And then he did a performance at home of Rudolf the Red Nose Reindeer. However, around here we change around who has the red nose--sometimes it is Carmella the red nosed kindergartner, or Mommy the red nosed runner or maybe Beau the red nosed preschooler. Both kids get mad when they are the red nosed one of the song so most of the time I am the red nosed one. This tells me that while kids like the idea of Rudolf they still know he is a freak. I see how it is. They all say they love Rudolf and he'll go down in history and is the hero of Christmas and all that but really no one wants to be him. No one wants a red nose. It is totally freaky. Even to the 3 and 5 year olds who should probably think a red nose that lights up like a light bulb is pretty cool. But no. It is still freakish.
Makes for cute school projects though.
Finally, the kids helped out a lot in the decorating the tree this year. The tree has never looked so bad.
It is a mess.
But that is okay. I did have to move some ornaments around because we definitely don't agree in how a tree should be decorated nor do they have any understanding about the complicated science of ornament placement. It quickly came apparent to me that lumping ornaments together on the lowest branches in a straight line is the height of Christmas "decatating" among the playground set.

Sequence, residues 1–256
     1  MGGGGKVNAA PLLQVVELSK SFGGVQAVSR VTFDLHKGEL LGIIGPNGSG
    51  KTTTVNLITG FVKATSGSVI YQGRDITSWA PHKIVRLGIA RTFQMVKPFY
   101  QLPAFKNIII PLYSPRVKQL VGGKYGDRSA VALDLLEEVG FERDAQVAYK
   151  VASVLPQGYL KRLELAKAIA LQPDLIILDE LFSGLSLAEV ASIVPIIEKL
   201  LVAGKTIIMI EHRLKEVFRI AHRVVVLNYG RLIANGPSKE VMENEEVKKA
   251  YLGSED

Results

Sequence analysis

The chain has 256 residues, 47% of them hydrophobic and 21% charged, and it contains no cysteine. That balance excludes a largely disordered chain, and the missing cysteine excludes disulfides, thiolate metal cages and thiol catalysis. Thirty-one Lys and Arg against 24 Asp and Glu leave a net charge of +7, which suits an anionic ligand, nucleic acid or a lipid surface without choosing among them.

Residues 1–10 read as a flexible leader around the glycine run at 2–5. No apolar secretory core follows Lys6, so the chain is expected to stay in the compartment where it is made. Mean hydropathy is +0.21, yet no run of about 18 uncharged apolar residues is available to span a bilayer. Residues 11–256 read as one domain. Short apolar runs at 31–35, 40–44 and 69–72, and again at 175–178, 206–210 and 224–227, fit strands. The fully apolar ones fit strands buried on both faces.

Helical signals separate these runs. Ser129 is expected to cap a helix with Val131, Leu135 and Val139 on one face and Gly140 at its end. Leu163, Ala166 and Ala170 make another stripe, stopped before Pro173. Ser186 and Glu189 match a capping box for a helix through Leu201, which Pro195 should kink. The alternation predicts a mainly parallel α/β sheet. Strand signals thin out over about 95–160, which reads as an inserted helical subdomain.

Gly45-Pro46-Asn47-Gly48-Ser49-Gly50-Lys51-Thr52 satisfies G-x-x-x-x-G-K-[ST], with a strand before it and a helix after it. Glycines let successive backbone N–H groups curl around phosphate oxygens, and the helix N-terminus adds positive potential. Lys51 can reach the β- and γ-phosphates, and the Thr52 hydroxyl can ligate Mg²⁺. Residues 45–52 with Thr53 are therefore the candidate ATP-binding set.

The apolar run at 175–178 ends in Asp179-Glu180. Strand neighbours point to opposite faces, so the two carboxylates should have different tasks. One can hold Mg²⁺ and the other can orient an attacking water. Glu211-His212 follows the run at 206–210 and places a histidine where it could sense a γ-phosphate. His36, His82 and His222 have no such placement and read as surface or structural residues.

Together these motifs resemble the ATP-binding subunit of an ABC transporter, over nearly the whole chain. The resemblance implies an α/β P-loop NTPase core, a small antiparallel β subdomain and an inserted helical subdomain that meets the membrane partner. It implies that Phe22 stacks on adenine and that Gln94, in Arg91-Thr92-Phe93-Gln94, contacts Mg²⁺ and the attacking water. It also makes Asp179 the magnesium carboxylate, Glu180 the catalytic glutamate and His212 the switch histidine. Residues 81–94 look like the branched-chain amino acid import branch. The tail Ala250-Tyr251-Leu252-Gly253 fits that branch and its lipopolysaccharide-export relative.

Hope everyone else that does the jingle jig is getting their Christmas on too.

Monday, December 11, 2006

I took the night train to Epiphany and missed the stop

I feel like there are two of me lately.
There is the me who is out there doing the usual things; running, being wife and mom. She is out there doing wife and mom stuff: volunteering, kissing boo boos, work for husband, hanging with friends, cleaning the house, doing the laundry, shuttling kids around and doing errands.